Fresh-cut is one of the growing segments for melons. ( File Photo )

The emphasis on flavorful fruit continues for melon marketers.

Domestic production begins for numerous companies in May, and several grower-shippers said they have been prioritizing taste.

Attributes like shelf life, disease resistance and others remain key for producers and retailers, but flavor is what resonates with shoppers.

“Because of the Origami and other varieties coming into play, I think you’re seeing a rebound back towards that type of melon,” said Daren Van Dyke, sales and marketing director for Brawley, Calif.-based Five Crowns Marketing. “In the past what we’ve done is, as an industry ... what happened is we got a little bit away from flavor, and I think that’s what you’re seeing right now is, at least for us, we want to focus on giving the consumer the best piece of fruit possible and bringing that consumer back to the product.”

Josh Leichter, general manager for Los Angeles-based Pacific Trellis Fruit/Dulcinea Farms, also described an emphasis on flavor.

“I think for ourselves, as retailers continue to recognize the importance of taste and flavor as it relates to repeat sales and consumer satisfaction, that plays very well to our portfolio of products, which are known for delivering a consistently high level of quality and eating experience, so I think continuing to focus on that is a big opportunity for us with our products,” Leichter said.

Pacific Trellis Fruit/Dulcinea offers the Tuscan-Style Extra Sweet cantaloupe, while Five Crowns Marketing and Dos Palos, Calif.-based grower-shipper Legend Produce carry the Origami cantaloupe.

 

Fresh-cut

Van Dyke explained that, based on his experience with Origami, flavorful melons can prompt higher melon sales in multiple segments.

“Not only are they seeing (increased sales) from a (whole fruit) side, where they display it fresh and they’re getting that aroma, that really high color that sells to the consumer, but I also think because of the flavor profile and because of the color and then the yield that they get from it, I think you’re seeing a big boost in (cut fruit sales),” Van Dyke said.

Dennis Christou, vice president of marketing for Coral Gables, Fla.-based Del Monte, also mentioned that value-added is becoming more popular.

“In recent years, we have found that melon varieties suited for fresh-cut have helped increase the overall per capita consumption of melons,” Christou said. “With the rise of the ‘on-the-go’ consumer looking for healthy options to accommodate their busy lifestyles, suppliers must offer innovative value-added items with wide-ranging product assortment to succeed in this category.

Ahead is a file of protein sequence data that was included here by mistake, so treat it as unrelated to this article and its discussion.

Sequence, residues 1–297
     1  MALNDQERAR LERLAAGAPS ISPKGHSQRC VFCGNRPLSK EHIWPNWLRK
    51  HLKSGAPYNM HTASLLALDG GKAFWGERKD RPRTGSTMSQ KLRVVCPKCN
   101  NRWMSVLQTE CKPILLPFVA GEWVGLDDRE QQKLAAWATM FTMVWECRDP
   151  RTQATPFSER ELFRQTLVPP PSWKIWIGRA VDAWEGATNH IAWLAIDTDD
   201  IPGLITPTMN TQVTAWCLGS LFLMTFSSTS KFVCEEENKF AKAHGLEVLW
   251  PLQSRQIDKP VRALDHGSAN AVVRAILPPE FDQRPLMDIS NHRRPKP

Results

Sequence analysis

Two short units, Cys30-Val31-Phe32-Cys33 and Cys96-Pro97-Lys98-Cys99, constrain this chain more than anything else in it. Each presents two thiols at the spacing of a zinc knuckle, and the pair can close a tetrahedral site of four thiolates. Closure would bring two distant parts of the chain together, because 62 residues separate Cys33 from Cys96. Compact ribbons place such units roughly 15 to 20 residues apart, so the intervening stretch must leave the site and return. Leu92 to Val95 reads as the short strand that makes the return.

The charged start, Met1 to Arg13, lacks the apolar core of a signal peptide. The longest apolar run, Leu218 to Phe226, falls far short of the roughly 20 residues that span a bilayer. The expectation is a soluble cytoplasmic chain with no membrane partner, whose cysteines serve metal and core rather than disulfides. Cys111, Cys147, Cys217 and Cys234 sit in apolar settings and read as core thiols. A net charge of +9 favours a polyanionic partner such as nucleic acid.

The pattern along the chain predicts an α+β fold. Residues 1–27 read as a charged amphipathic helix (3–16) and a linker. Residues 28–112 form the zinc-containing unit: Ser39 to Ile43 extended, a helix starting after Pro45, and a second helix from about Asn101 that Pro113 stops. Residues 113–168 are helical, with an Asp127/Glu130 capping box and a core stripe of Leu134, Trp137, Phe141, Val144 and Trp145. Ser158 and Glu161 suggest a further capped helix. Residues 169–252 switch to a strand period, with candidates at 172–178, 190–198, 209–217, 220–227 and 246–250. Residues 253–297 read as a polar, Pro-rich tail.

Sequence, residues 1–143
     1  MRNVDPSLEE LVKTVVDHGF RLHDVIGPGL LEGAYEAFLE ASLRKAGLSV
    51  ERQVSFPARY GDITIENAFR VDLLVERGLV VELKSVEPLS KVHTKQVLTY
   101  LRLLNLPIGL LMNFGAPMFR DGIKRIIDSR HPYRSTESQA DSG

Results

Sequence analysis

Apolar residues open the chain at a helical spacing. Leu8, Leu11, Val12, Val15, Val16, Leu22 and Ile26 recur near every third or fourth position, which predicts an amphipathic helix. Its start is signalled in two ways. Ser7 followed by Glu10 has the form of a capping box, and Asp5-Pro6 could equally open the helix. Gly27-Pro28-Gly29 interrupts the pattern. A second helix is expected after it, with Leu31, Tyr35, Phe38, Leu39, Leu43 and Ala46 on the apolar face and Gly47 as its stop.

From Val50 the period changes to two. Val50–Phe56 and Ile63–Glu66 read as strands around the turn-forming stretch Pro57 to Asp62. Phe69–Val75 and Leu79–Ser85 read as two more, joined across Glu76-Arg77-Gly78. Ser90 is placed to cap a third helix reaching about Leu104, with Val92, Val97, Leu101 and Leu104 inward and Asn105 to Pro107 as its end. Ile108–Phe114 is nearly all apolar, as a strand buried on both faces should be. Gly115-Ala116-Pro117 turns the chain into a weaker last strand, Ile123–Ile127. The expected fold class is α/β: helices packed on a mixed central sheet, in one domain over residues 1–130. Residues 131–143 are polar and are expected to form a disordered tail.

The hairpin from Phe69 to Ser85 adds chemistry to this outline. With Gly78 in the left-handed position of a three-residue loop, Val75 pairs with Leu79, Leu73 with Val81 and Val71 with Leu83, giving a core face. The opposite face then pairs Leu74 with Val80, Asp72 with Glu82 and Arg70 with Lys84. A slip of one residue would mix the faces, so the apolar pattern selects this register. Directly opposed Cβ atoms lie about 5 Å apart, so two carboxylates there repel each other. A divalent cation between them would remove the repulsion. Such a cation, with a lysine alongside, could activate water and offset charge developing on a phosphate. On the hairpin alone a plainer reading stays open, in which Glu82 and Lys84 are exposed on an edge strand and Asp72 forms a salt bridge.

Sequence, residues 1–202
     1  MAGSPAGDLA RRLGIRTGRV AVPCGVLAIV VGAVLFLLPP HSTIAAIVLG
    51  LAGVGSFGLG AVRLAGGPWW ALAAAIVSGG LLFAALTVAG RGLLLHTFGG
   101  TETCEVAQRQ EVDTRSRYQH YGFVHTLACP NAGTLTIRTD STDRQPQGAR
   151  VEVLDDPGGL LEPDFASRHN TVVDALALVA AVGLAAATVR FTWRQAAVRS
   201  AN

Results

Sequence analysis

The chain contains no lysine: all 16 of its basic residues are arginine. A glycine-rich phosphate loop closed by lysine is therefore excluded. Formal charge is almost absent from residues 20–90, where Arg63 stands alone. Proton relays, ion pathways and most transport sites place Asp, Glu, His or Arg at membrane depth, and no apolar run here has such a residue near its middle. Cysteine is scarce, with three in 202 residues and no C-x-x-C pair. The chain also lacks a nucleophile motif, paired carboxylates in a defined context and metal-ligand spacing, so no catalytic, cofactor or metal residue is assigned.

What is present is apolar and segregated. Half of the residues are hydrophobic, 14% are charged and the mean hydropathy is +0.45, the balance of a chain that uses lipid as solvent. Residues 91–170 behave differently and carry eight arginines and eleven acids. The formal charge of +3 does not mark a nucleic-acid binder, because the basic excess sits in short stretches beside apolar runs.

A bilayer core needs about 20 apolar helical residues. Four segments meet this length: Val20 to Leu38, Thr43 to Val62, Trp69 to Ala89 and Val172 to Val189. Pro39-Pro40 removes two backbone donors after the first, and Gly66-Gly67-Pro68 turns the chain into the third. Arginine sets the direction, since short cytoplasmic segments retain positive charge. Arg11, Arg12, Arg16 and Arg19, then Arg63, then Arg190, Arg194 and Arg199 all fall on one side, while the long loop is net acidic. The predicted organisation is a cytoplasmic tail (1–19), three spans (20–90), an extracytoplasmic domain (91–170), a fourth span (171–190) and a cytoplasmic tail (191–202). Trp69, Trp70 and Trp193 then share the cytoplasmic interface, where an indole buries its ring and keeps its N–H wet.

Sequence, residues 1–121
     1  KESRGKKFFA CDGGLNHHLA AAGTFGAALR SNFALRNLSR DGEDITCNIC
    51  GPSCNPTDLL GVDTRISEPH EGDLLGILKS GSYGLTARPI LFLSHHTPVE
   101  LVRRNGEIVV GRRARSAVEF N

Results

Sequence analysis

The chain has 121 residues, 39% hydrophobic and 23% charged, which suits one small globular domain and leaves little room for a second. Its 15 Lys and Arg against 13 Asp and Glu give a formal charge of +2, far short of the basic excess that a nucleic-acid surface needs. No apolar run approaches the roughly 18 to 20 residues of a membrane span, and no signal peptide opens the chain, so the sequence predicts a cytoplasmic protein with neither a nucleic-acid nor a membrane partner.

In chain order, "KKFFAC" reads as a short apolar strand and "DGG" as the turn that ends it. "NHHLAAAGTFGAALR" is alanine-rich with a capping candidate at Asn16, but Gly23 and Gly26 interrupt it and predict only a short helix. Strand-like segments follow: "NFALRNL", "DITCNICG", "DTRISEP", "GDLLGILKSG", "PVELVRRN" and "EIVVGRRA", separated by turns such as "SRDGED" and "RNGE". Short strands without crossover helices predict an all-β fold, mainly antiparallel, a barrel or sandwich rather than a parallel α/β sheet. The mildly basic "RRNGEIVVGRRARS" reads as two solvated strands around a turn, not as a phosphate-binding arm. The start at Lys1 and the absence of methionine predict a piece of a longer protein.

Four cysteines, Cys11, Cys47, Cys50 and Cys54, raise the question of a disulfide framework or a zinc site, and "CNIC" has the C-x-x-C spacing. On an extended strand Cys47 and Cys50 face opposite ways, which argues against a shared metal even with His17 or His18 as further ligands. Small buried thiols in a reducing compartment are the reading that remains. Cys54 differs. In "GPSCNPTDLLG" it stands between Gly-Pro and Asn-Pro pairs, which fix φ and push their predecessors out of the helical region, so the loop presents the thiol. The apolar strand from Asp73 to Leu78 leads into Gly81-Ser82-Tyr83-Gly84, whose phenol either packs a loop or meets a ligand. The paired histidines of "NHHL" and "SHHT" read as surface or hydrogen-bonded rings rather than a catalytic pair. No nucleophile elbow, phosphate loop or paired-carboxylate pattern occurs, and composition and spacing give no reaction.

“In addition to whole melons, we currently offer our a wide range of value-added varieties, including chunks, spears, Del Monte Fresh Cut Grab-N-Go cups, and watermelon in single spears in bags,” Christou said.

Matt Solana, vice president of operations and supply chain for Autryville, N.C.-based Jackson Farming Co., conveyed a similar impression.

“Fresh-cut continues to grow at a rapid pace with today’s consumer looking for convenience at every turn,” Solana said.

“This segment of the market has plenty of room to grow with the different offerings at each chain and in most cases expanded sections.”

 

Organic

Leichter said Pacific Trellis Fruit/Dulcinea Farms also continues to focus on organics.

“There’s good interest there across the broad retail spectrum,” Leichter said.

“We’ll have more organic acreage and volume basically throughout our entire spring and summer programs, starting with the Hermosillo crop (in Mexico) and moving all the way up through the San Joaquin Valley.

“In addition to that we have this year our first year we’re offering Fair Trade Certified product from our grower partner in Hermosillo, who’s just about to get started, and we’re seeing good interest on that,” Leichter said in late March.

Heriberto Hernandez, salesman for Westley, Calif.-based Del Mar Packing, also reported increasing requests for organics.

“People are more conscious about what they’re eating, and organic is the way to go,” Hernandez said.

“You see retailers promoting it, so we have seen a lot of the demand increase on that item.”

 
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